Uncle P has only ever done one post by request before, and then it was simply a title that was requested. But when a friend publicly challenged me on Facebook, I felt I had no choice but to respond. So, here is the first content-requested post on Caliban's Revenge.
When it premiered last month, I immediately fell in love with FX's "American Horror Story," though a few folks took some time to warm up to it (Mr. Romano? I'm talking to you). As the story has progressed, the mysteries have only deepened, though we have been given more and more information about the house and its history with every episode. We know who the last owners were (who knew Zachary Quinto would be so good as a bitchy queen?) and have some insight into the first owners (a drug-addled abortionist and his status-hungry wife). We've learned that the alternately frumpy/sexy maid was murdered by the next door neighbor and that a pair of nursing students were killed by a psychopath who hated nurses. We've watched psychiatrist Ben Harmon (Dylan McDermott) slowly lose his mind; bury his former lover under a gazebo he built to hide her grave and drive the most boring woman in the world to attempt suicide. We know that his wife Vivien (Connie Britton) hates him; is pregnant with a child that is... (well, we'll talk about that in a moment) and is desperate to sell the house. We've seen their emotionally disturbed daughter Violet (Taissa Farmiga) cut herself to relieve her emotional pain. And we've seen their possibly insane neighbor Constance (the incomparable Jessica Lange) make cupcakes laced with Syrup of Ipecac (among other unpleasant things).
This week's episode gave us all kinds of answers (while asking more questions). We now know that Ben's patient Tate (Evan Peters), perpetrated a Columbine-style school shooting and is actually one of the many ghosts haunting the house. We also know why the ultrasound technician fainted; that Tate is/was another of Constance's children; why Constance told Moira "Don't make me kill you again" and (maybe) why the house is obsessed with babies. Of course, we haven't been told who (or what) the 'Rubber Man' is or what the fang-toothed, long-clawed monster lurking in the basement may be. And what of burn-scarred Larry and the truth about his back story? This week's most disturbing moment? Well, that had to be the scene in which Vivien eats a raw brain with relish, only to find herself puzzled at having done so. Of course, the subplot involving Ben's latest patient ("Modern Family" alum Eric Stonestreet) as a man terrified of urban legends, ended with a deliciously ironic "Twilight Zone" twist ("Here, piggy-piggy-pig-pig!"). And we now also know that Vivien may actually be carrying a demon child.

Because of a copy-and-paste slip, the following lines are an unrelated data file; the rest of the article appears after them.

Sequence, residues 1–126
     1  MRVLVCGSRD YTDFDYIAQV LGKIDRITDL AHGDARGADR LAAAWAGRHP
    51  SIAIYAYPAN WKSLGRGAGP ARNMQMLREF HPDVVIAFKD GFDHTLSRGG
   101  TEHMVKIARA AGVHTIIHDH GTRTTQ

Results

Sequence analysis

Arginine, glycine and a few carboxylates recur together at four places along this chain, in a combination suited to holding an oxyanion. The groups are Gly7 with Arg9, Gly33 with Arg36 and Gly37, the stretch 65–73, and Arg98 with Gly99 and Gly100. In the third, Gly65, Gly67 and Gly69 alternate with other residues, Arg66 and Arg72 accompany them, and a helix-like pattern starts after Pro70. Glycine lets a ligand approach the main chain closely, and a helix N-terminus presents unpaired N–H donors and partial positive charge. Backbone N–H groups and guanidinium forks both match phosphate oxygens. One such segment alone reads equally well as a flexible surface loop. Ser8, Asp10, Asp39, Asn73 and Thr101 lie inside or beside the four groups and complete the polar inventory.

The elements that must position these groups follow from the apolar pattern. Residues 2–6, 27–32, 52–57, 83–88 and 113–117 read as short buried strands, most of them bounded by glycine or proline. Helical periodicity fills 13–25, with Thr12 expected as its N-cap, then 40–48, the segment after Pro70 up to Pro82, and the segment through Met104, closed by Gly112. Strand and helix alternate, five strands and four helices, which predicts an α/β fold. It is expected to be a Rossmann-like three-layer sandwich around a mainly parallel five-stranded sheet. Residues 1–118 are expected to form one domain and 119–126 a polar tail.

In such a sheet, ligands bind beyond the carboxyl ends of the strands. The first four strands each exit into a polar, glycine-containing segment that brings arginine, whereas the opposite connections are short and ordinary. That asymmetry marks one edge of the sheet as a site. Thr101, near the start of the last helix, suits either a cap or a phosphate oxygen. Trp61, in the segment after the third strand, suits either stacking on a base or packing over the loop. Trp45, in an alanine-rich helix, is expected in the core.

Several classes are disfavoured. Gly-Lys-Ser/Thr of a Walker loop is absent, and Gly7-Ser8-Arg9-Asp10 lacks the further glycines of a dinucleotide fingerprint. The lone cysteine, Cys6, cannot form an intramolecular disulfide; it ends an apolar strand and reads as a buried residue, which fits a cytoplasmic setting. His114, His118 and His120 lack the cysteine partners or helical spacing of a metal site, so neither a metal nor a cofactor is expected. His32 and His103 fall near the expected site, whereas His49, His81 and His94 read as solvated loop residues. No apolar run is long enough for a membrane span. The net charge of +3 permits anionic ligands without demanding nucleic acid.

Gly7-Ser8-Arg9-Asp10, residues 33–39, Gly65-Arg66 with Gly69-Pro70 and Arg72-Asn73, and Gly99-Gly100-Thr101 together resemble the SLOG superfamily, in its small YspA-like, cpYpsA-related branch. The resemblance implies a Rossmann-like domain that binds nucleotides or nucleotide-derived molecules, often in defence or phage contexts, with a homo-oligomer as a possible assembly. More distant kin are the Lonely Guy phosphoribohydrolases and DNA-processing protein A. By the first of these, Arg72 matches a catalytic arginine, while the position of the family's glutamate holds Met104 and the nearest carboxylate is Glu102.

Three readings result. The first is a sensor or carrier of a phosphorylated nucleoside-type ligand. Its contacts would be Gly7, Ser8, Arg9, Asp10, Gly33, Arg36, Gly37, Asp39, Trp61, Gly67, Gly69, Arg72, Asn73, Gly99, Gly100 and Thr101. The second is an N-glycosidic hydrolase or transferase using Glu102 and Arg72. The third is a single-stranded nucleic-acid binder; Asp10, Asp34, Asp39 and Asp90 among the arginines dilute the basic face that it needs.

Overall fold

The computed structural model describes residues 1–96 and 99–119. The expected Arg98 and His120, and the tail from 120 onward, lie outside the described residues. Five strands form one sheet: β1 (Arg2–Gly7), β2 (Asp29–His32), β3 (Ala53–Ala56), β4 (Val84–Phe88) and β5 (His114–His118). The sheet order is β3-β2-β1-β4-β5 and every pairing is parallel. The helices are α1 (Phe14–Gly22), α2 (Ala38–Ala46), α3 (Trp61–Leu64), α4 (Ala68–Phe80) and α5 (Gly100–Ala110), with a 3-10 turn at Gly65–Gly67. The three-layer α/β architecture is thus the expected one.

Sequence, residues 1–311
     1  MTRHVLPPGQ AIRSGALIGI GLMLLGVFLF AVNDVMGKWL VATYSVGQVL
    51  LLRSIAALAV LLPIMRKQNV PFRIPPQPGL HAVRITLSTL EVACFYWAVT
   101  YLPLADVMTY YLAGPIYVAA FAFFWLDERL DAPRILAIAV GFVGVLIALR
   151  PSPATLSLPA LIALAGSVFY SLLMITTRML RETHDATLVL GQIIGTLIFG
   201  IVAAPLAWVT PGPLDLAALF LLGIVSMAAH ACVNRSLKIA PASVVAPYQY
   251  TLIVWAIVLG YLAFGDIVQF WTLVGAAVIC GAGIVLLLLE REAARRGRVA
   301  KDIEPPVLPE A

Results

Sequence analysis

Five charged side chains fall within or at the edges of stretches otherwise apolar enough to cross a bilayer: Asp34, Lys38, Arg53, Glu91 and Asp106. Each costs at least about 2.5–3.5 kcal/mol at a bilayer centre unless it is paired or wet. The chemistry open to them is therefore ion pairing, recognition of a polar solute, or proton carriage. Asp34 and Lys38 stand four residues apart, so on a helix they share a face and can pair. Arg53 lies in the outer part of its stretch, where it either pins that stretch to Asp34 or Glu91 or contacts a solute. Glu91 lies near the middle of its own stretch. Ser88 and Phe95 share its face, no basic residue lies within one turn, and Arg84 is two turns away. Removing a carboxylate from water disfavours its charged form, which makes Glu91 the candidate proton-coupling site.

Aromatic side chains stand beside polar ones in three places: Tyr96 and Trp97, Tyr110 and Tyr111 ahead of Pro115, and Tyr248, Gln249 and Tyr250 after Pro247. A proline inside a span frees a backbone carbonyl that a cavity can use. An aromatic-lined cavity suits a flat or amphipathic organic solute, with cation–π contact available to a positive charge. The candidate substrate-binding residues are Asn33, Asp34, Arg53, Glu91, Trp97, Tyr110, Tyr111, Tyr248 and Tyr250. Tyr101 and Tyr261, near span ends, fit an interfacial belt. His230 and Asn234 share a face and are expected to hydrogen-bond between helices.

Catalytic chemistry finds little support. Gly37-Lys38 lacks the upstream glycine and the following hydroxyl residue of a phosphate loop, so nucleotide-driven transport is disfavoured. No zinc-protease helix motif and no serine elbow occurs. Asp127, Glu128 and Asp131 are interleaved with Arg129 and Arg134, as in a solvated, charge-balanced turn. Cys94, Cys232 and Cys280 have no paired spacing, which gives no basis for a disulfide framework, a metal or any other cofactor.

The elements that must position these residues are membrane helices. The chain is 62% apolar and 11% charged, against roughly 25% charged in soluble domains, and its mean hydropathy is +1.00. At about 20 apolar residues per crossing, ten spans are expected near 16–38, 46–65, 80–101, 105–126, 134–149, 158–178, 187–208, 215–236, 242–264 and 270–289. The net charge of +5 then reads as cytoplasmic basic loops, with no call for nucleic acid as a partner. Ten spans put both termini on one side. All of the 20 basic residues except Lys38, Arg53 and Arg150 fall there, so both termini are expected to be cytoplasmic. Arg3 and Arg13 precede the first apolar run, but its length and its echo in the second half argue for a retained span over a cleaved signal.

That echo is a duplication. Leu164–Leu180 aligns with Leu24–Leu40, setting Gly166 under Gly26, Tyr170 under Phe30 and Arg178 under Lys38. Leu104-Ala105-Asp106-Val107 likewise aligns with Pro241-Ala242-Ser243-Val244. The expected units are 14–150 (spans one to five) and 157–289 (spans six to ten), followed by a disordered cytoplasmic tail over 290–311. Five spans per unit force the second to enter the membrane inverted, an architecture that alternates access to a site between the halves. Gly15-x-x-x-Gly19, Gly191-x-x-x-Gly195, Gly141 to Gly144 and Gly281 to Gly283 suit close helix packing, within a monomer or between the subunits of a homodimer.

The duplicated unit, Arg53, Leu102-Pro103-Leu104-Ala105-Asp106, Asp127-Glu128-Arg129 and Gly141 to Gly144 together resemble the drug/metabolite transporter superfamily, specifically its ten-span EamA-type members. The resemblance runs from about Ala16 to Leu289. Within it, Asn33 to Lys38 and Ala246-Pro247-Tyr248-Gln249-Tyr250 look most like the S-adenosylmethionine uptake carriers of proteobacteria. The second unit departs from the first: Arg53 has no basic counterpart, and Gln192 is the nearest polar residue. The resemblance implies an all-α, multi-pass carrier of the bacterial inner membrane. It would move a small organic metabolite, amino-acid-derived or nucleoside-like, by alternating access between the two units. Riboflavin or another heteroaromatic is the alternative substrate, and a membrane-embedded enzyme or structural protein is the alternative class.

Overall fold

Referencing classic horror movies like The Haunting; Psycho; Rosemary's Baby; A Nightmare on Elm Street and Halloween (among others) while adding it's own twists, "American Horror Story" pushes the envelope unlike any other show on television. Disturbing; creepy; gross; sexy and just plain weird, "American Horror Story" may actually supplant "The Walking Dead" and "Fringe" as my TV favorite show. If you are a regular reader of Caliban's Revenge and aren't watching "AHS," you should be.
It has already been reported that "AHS" has been picked up for a second season. I only hope the showrunners can maintain the creepy and often terrifying atmosphere they've managed to create in these first few episodes.